The Best Men’s Skeleton Watches For Every Budget
What Is A Skeleton Watch?
Jokingly, it’s that rare opportunity to pay more, for less – because basically a skeleton watch is one in which the dial has been completely or partially cut away to reveal the movement below. More seriously, this requires a lot of hand-finishing and, what’s more, necessitates having a movement (typically a mechanical one) sufficiently beautiful to show off.
It also means not being able to hide any defects too, of course. It’s not a hard and fast rule – there are skeleton watches showing off quartz movements, for example – but it means skeleton watches are, at their best, justifiably expensive.
What’s The Appeal?
Arguably it’s a deep-seated human one. Why do some men like to lift the bonnet of their car and stare at the engine? To see the complexity and intricacy of the mechanics in action; to see what is normally hidden away; to see what can be rather wonderful.
Perhaps this desire – which has given us transparent cases for desktop computers, speakers, phones, pens and the like – is all the more intense in the digital age, in which devices are fused shut, and what’s inside is just a mass of computer chips anyway.
It’s why, perhaps, many watches, if not skeletonise, often still have what’s called an ‘exhibition back’: a window in the rear of the case. Some watches even go all the way with a skeletonise dial and exhibition back, so you can see all the way through them.
Are Skeleton Watches Old Fashioned?
Certainly, the idea of skeletonising a watch is not new. It was in the 1769s that French watchmaker Andre-Charles Caron first reworked his pocket watches to open up the case and show off the work normally hidden beneath.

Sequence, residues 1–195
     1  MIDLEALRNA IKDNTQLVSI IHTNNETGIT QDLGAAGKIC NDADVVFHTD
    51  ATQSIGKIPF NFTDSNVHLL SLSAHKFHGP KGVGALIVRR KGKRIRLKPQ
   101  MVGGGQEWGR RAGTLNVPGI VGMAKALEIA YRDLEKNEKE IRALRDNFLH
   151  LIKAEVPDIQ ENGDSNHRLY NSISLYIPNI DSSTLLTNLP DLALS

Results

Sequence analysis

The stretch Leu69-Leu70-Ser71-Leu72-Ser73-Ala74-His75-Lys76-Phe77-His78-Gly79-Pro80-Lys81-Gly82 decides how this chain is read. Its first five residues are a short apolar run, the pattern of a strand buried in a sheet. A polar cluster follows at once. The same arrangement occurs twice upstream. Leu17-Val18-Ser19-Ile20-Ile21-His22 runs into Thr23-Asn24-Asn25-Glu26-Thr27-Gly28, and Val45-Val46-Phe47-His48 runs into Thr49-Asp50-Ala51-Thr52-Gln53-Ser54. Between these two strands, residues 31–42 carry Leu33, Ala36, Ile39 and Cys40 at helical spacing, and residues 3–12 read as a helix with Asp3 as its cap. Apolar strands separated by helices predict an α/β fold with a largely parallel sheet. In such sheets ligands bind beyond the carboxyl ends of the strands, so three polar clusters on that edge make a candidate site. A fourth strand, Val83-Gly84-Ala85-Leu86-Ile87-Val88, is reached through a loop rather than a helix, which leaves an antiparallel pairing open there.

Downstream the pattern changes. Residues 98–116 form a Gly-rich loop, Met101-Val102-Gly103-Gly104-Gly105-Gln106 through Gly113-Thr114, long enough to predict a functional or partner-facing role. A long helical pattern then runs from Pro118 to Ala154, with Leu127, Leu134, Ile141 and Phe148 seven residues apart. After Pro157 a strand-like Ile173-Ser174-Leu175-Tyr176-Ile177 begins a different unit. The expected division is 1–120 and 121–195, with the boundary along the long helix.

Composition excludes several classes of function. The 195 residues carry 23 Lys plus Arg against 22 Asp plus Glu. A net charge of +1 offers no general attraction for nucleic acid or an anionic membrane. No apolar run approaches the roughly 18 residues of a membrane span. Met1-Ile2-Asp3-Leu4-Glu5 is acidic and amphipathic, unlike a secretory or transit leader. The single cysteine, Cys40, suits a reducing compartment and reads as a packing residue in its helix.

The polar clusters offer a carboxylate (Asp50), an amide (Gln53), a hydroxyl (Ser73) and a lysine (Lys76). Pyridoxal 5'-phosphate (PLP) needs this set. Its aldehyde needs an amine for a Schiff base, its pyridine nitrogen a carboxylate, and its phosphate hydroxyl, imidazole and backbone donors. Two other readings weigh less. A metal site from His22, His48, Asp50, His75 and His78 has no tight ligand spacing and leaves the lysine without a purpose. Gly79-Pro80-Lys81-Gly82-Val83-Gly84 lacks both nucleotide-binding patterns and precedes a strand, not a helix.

Jump forward 300 years and the Swiss watch industry, facing the onslaught of quartz movements, started to revive a style of watch long since considered too outlandish for popular tastes. Here was a way the Swiss could again stand apart from Japanese watchmakers. And certainly the result can still look rather ornate.
Skeletons are probably not for minimalists, modernists, or those used to functional sport watches for example. But think of the skeleton watch in terms of stripping back all extraneous material and it is, in a sense, good design in action.
The Skeleteon Watch Revival
The Swiss watch industry has embraced the skeleton full force over recent years, applying the design philosophy not just to classical timepieces but to all styles, including sports watches. This may not make much sense in the real world, but the results – check out the likes of Bell & Ross’ BR05 Skeleton, or the skeletonized Audemars Piguet Royal Oak – can work visually.
Think of it as the usually stuffy Swiss watch industry being provocative or playful, celebrating the watch first as a craft object rather than as a time-telling tool. The advent of 3D CAD software, machine tooling and other advances in manufacturing technology are all making skeleton watches much more affordable too, which may or may not lower the cachet of the skeleton watch in years to come.
Skeleton Watches Are An Acquired Taste